The high tensile strength and performance of fibers used, carbon fiber-reinforced polymers (CFRP) laminates were used to investigate the efficiency of the flexure and shear strengthening of reinforced concrete elements. According to Demeter et al. (2010), the methodology of the retrofit schemes aimed to: (1) offer flexural capacity along the edges, (2) to provide confinement effect and (3) to increase the shear capacity of the wall, especially at the wall base. In this section, ten retrofitted walls were studied [R-SW4 (1-4) and R-SW8 (1-6)]. Wall specimens (R-SW8) were retrofitted using CFRP laminates with six different schemes. In Scheme 1, 1250 mm × 150 mm (length × width) single-ply CFRP laminates oriented in the horizontal direction were applied to the top and bottom of each opening and applied on both wall sides. At the inner edge next to the openings, a 500-mm-long CFRP sheets were applied at each pier with fibers oriented in the vertical direction for flexural strengthening.

In Scheme 2, two different CFRP laminate configurations were used to increase the flexural strength of the left and right piers. For each pier, a 500.0-mm single-ply U-shaped single-ply unidirectional CFRP laminates were applied to the right pier that extended for a distance of 300.0 mm from the opening edge at both wall faces.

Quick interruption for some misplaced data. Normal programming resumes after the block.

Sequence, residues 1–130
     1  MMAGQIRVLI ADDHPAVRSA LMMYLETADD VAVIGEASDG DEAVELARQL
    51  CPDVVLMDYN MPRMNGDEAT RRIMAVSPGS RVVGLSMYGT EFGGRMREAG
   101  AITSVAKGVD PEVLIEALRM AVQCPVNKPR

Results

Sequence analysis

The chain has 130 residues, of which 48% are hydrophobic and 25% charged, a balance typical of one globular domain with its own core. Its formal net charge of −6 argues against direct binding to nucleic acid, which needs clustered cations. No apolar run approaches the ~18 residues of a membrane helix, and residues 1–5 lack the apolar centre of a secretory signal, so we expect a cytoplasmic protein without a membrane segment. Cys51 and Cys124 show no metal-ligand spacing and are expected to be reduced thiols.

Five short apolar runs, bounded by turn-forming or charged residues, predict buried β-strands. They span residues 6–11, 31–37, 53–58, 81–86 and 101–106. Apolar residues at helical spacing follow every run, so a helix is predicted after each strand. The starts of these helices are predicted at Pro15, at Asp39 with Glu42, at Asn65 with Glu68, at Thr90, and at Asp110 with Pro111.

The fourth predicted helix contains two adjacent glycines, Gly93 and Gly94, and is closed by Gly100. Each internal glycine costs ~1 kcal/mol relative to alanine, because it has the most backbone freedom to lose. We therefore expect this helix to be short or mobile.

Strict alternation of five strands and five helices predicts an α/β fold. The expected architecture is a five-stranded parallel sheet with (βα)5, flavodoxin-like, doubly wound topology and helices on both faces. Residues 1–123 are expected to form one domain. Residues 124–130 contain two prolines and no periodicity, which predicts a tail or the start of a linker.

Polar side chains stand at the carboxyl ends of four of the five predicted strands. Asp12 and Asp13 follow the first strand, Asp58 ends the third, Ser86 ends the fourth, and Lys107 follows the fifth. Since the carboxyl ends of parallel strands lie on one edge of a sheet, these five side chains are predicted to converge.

A 380.0-mm-wide single-ply U-shaped unidirectional CFRP laminates were applied at each spandrel to increase shear capacity. In Scheme 3, similar to scheme 2 but a 500.0-mm-long single-ply U-shaped unidirectional CFRP laminates were applied on the right pier that extended for a distance of 300.0 mm from wall opening edge at both wall faces. In Scheme 4, a 500.0-mm-length single-ply U-shaped single-ply unidirectional CFRP laminates were applied through the door opening and fully wrapped around wall thickness at both wall sides and a 380.0-mm-wide single-ply U-shaped single-ply unidirectional CFRP laminates were applied at each spandrel beam to increase shear capacity. In Scheme 5, a 500.0-mm-length single-ply U-shaped single-ply unidirectional CFRP laminates were applied through the door opening and fully wrapped around wall thickness on the left pier and a 500.0-mm-length single-ply U-shaped single-ply unidirectional CFRP laminates were applied on the right pier that extended for a distance of 300.0 mm from wall opening edge at both wall faces. In Scheme 6, similar to scheme 4 but a 500.0-mm-length single-ply U-shaped single-ply unidirectional CFRP laminates were applied on the right pier that extended for a distance of 200.0 mm from the wall opening edge at both wall faces.